I’m slowly but surely making my way through the new items that I hauled recently, one of them being the e.l.f. powder blush in the shade Blushing ($2) that I got at CVS.
My local CVS reset several of their drugstore makeup displays last week just in time for the Physicians Formula, e.l.f. and Wet n Wild CVS ExtraBuck promos. I tossed my receipt but I’ll try to list all the prices I remember.
- The new Physicians Formula The Healthy Foundation SFP 20 in LN3 ($15.29). There are 16 shades available on Physicians Formula’s website divided into 4 subcategories: Light, Medium, Dark and Deep. The 3 lightest shades in the display were Light Cool 1 (LC1), Light Warm 2 (LW2) and Light Neutral 3 (LN3).
- I went kind of crazy and purchased 4 Physicians Formula The Healthy Lip Velvet Liquid Lipsticks ($8.19 each): 2 more tubes of Berry Healthy, 1 more tube of Bare With Me, and 1 tube of Vitamin Beet. I’ll probably put a couple of my backups on my blog sale page soon, so look out for those in case you’re interested.
- e.l.f. Blushing ($3). It’s been ages since I owned any e.l.f. makeup but this color really caught my eye.
- e.l.f. Small Stipple Brush.
- Wet n Wild MegaGlo Highlighting Powder in Blossom Glow ($4.99). I believe this is the shade that tarababyz says is a dupe of her favorite Diorskin Nude Air Luminizer Powder.
- Wet n Wild Nutty eye shadow. Honestly, I only bought this to reach the ExtraBucks threshold. I hardly ever wear eye shadow these days, so this is definitely going to wind up on the blog sale.
- Wet n Wild Photo Focus Concealer in Light/Med Beige ($3.99). The color range sucks. The lightest shade, Light Ivory, is a little lighter than my skin tone but very pink. The second lightest shade, Light/Med Beige is a little darker than my skin tone but warmer. I decided to go with the slightly darker concealer because the undertone’s right and if I blend it enough I’m sure I can make it work. Whenever I use a too pale, too pink concealer to spot conceal, it’s always too conspicuous.
Would this qualify as a capsule collection? Not counting nail polishes but including brushes and tools my current collection totals 35 pieces. I feel like capsule collections are usually even smaller than this but I’m quite satisfied with how much I’ve eliminated from my makeup stash over the past two years. For a girl who started with 100+ blushes, 100+ lipsticks, and dozens of eye shadow palettes and highlighters, I think I’ve come a long way.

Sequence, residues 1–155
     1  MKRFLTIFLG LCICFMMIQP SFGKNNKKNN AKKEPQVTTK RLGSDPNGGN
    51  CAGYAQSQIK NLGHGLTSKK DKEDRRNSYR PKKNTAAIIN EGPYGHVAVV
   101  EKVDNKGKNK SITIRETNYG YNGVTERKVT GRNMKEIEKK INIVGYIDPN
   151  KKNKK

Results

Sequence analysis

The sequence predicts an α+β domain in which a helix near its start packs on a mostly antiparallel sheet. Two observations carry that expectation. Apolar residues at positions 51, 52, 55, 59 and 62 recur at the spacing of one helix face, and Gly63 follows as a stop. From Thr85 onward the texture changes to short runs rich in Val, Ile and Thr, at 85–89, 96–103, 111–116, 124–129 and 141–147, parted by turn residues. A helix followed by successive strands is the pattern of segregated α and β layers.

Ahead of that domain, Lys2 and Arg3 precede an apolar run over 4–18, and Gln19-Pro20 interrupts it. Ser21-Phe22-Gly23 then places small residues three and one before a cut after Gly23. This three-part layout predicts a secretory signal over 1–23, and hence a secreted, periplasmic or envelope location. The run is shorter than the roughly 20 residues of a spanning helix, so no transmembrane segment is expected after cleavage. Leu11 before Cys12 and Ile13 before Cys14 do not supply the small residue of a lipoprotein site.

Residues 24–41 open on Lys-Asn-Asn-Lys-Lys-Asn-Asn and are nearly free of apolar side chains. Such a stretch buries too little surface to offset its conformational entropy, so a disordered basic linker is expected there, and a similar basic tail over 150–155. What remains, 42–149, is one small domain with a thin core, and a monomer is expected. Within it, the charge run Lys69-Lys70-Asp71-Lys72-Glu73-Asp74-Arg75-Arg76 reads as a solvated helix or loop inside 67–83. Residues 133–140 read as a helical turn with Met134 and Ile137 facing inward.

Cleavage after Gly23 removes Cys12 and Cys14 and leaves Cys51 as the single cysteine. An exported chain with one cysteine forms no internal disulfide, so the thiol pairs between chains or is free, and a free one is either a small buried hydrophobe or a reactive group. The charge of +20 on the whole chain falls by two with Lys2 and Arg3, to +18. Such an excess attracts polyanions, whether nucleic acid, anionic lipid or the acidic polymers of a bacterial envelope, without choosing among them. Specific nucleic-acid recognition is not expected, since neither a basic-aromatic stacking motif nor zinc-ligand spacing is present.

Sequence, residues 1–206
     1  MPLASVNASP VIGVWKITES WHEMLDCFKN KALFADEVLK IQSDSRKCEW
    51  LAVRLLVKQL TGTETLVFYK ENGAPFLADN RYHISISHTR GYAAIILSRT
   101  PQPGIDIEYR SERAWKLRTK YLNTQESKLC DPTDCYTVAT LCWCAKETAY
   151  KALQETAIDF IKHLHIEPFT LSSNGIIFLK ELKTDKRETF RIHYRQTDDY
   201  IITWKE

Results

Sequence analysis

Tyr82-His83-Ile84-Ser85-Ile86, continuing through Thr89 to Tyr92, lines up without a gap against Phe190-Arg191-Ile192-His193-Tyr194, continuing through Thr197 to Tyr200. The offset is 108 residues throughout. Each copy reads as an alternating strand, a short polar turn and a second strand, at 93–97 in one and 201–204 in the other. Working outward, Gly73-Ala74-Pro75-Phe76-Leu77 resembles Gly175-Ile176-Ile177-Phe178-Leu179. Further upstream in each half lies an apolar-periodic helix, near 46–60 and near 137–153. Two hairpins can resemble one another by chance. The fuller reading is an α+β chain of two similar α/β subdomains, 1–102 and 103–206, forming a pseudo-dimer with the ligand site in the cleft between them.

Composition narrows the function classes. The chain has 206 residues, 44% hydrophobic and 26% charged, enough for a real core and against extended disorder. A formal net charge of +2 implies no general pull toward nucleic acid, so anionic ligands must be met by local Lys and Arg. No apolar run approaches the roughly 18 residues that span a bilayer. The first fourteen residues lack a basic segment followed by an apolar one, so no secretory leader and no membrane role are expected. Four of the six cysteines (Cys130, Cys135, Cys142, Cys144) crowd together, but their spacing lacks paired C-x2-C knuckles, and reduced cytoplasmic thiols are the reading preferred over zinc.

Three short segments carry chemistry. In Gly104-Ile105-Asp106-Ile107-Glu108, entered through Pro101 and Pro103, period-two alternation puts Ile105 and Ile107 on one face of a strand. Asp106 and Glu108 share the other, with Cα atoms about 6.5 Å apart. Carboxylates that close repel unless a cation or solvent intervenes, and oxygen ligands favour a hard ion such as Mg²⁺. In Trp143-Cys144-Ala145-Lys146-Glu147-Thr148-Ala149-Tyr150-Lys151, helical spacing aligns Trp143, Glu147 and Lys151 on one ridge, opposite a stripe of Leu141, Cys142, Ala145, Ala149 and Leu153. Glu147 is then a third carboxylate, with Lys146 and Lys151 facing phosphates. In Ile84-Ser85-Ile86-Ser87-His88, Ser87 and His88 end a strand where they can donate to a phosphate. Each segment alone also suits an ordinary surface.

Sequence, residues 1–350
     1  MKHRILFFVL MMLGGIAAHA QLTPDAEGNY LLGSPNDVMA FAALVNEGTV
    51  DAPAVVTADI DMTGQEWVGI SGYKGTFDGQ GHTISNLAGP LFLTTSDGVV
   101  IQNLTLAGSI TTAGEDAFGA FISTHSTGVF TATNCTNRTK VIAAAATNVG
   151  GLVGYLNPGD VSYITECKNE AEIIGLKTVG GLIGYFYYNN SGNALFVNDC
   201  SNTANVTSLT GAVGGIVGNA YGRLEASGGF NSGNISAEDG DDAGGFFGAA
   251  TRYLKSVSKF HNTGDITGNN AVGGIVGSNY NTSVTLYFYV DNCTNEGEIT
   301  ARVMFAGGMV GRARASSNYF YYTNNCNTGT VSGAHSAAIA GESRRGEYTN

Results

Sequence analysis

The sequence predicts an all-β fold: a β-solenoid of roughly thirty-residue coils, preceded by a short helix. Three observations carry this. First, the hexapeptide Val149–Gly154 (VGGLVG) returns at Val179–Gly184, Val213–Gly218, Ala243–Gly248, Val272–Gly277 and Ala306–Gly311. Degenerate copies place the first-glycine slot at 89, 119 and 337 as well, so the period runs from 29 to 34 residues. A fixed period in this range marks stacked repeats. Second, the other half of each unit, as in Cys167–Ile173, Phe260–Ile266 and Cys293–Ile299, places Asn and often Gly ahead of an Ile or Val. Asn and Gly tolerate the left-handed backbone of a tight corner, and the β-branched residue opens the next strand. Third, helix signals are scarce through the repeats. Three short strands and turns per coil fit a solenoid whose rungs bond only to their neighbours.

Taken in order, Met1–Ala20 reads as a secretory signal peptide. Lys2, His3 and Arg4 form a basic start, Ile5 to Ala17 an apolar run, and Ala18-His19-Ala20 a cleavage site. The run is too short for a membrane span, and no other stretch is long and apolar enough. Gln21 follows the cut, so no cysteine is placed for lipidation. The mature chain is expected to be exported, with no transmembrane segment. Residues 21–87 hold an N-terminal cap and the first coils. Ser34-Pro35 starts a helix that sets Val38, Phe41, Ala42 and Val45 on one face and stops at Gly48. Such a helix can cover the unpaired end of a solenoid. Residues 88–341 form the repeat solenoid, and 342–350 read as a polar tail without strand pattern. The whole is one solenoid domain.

I’ve been gradually purging makeup since 2014 in an effort to streamline my makeup regimen. It had gotten to the point where I felt burdened by the sheer amount of makeup I owned. When I realized I could literally use a different blush or lipstick everyday for four months straight with no repeats I decided I needed to make a change. A kinder person (or an enabler) would’ve called me a makeup collector but the truth was I was a makeup hoarder. Even though I had so much makeup, I was really only using a handful of products regularly. I decided then and there that I had to edit my stash, keep only the items that I truly love and use, and get rid of everything else.
Letting go was, and is, a constant struggle especially when it comes to purging limited edition makeup but I’ve done it and I have no regrets. If you’re considering purging but feel hesitant, just know that the process gets easier the more you do it. It’s the first step that’s the most difficult.
You’ve probably noticed that I haven’t been blogging much lately and that’s mainly because of two reasons: (1) I had family visiting this past month so I couldn’t blog and (2) my makeup routine has remained pretty consistent.
I think I’m in the final round of the purging process and I’ve nearly sold off all the makeup I’d been hoarding and not using. Now I feel like I’ve whittled down my makeup collection to the handful of products that I really love and use. Continue reading
There was a time back in the day when e.l.f. brushes were all the rage in terms of affordable, lower end, drugstore brushes. I know I really loved their Studio Blush Brush and still get a lot of use out of the Studio Small Studio Brush to this day. However, it’s been years since the e.l.f. brush hype has died down and I honestly think the quality/quality control of their Studio brushes has really declined over the years. For example, I know that the Studio Blush Brush that e.l.f. sells in stores nowadays is a lot less dense than the original first generation Studio Blush Brush they used to sell. Over the years, other brands like Real Techniques came along and surpassed e.l.f.. So when I saw that e.l.f. had come out with some new brushes in a higher price range ($6 versus $3 for the Studio brushes or $1 for their Essential brushes) I was intrigued but had very low expectations. I think these new $6 brushes have been around since the beginning of this year but I only spotted them recently at my local CVS. The two brushes that interested me most and that I purchased were the Ultimate Blending Brush and the Beautifully Bare Blending Brush.